Some investment professionals have been expressing concerns about the potential for a jump in inflation.
This March 12 article excerpt from Business Standard provides an example:
Investors should be prepared for the biggest inflation scare since the 1980s, warned... [the] global head of equity strategy at Jefferies in his weekly note to investors...
"For now investors should be prepared for the biggest inflation scare since the early 1980s, and wait to see how the (US) Fed reacts. In the meantime, Treasury bonds are likely to sell off more, and cyclical stocks rally more, before any such tapering scare," [the equity strategist] said.
That said, [the equity strategist] believes that if inflation really does return on a longer term basis, it would mean that equities and bonds would become positively correlated on the downside - that is they will both go down in price together.
The return of inflation fears have been stoked again by the rise in commodity prices, especially oil, which has jumped over 90 per cent from its March 13 level of $35 a barrel (bbl.) to around $70/bbl. now. Prices of other key commodities, such as copper, are hovering at decadal high, while food prices have also been on an uptrend since the last few months.
The markets have been cognizant of the developments and have reacted accordingly. Over the past few weeks, a rise in bond yields, especially in the US, created a flutter in global equity markets on fears of a possible rise in inflation triggered by President Joe Biden's $1.9 trillion stimulus package, who signed the stimulus bill, called the American Rescue Plan, into law on [March 11]. The package provides $400 billion for $1,400 direct payments to most Americans, $350 billion in aid to state and local governments, an expansion of the child tax credit and increased funding for COVID-19 vaccine distribution.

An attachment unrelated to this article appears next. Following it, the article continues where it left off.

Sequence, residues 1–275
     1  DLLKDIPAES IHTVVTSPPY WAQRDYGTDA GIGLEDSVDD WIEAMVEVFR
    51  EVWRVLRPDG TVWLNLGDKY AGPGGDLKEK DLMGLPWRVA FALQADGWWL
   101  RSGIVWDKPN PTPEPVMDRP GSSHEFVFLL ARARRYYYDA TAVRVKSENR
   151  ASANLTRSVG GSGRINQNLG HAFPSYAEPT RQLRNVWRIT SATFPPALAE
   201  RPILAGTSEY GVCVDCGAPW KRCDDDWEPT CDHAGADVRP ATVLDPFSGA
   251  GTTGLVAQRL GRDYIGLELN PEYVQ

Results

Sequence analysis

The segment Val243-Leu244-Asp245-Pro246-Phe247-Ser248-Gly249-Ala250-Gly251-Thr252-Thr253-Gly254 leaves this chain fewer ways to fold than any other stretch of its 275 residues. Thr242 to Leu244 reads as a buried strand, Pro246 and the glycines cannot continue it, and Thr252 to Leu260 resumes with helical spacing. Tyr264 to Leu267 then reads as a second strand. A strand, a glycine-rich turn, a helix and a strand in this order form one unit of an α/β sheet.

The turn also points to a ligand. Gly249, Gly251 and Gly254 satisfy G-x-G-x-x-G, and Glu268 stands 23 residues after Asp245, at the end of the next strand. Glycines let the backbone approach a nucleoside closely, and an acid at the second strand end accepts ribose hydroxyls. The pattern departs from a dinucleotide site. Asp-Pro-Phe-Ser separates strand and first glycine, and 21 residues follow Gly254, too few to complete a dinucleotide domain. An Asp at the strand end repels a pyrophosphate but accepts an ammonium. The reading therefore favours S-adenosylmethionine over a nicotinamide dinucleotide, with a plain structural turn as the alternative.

Meanwhile, analysts at Nomura, too, share [Jefferies' global equity strategist's] view and expect inflationary pressures to tighten their grip going ahead.
Elliott Wave International's March Global Market Perspective provided this perspective on the "inflation scare," as the monthly publication showed this chart and said:
To understand why this chart argues against an immediate inflationary pickup, recall this quote from Robert Prechter's 1995 book At the Crest of the Tidal Wave: "The single most important indicator of inflation is the rate of change in the money supply, as money supply growth is what inflation is."
While not a perfect proxy for money supply, central bank balance sheets effectively record the creation and destruction of money. So, the inflation scare of 2021 is not actual inflation, but a response to the effects of the fastest jump in ECB assets in almost a decade -- a rise that ended almost eight months ago. Notice, too, that the quickest ever monthly jump in ECB assets (notice the steep rise on the bottom chart) occurred back in October 2008, as the central bank fought to contain the fallout of a global financial crisis. That spike also occurred amidst widespread calls for inflation, but commodity prices had actually topped four months earlier, and much of Europe went on to experience consumer-price deflation over the following decade. With deflation fears about as low as they can go, now is the perfect time for another ugly chapter to begin.